Marseille is also where one of my favorite novels of all times takes place, Alexandre Dumas’ Count of Monte-Cristo, and I was delighted in a peculiar way to see signs to the infamous Château d’If and even a rue Edmond Dantès, as if I had bumped into a movie star.

Maxence and I spent a lovely week-end there, driving in and around the city, enjoying the sun, the Mediterranean lifestyle, and treating ourselves to the local specialties.

On Saturday afternoon, we strolled around the Vieux Marseille (the historic city center), a maze of narrow cobbled streets built on a hill. When it was time for a little afternoon snack, a boulangerie miraculously happened upon our path, an intriguing phenomenon often observed in any city or village of our beautiful country. The antithesis of the bright and cheery, spick-and-span boulangeries I’m used to, this one was shadowy and eerily quiet, giving off the distinct impression that everyone inside was having a nap, like any sensible Marseillais would do at this time of day and in this heat.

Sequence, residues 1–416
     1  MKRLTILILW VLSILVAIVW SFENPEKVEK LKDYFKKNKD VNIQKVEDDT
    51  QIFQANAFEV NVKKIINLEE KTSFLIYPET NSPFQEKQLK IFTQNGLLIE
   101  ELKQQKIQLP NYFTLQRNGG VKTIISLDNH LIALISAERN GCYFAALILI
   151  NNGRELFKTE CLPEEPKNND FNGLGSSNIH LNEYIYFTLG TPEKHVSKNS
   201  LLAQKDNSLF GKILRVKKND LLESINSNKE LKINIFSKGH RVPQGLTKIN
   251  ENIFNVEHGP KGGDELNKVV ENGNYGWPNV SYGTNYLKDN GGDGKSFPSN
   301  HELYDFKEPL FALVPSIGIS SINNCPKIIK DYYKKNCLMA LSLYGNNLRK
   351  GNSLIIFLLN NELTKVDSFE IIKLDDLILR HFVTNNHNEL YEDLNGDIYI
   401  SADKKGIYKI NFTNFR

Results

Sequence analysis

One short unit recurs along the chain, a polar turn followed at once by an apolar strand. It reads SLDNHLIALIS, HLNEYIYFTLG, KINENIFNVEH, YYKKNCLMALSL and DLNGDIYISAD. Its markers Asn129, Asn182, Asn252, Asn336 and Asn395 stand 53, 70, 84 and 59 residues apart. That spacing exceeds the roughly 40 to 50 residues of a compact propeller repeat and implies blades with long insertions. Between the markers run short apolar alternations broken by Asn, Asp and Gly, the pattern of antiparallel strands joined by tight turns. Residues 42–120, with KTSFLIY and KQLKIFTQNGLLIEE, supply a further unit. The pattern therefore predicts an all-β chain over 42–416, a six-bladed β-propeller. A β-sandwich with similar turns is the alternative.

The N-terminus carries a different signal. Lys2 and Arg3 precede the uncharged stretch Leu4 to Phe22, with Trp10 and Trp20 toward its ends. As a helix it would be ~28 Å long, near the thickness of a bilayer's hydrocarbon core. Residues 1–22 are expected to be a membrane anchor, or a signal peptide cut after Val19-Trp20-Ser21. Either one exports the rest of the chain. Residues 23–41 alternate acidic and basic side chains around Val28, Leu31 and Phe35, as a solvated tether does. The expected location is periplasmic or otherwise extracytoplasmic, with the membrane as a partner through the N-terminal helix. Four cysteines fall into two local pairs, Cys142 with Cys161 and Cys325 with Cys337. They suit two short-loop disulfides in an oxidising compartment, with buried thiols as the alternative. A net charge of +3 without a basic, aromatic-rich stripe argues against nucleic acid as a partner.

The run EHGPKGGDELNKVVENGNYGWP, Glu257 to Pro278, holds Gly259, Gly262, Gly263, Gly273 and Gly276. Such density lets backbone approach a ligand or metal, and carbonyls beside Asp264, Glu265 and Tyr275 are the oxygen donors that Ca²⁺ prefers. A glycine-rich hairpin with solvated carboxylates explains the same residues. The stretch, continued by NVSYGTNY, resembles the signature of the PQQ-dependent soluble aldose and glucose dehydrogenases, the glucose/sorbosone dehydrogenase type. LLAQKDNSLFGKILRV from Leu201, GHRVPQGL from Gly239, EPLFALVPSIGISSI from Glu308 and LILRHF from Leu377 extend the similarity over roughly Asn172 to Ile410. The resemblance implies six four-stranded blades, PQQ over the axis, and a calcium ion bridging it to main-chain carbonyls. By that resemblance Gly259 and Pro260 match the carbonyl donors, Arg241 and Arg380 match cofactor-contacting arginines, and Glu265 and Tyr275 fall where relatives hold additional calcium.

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Gérardmer’s Farmers Market

Myrtille et Groseille, thus will I name my two firstborn daughters

The house my parents own in the Vosges (a mountain range in the East of France, if you haven’t been following this blog as closely as you should) is located outside a small town called La Bresse. When we’re there on vacation, part of the food shopping is conducted in La Bresse itself — at the grocery store for basics, and at a charcuterie and two different bakeries (one makes really excellent bread, the other has delicious cakes and brioches) — but the rest is bought at the food market held on Thursdays and Saturdays in Gérardmer, a slightly larger town in the next valley.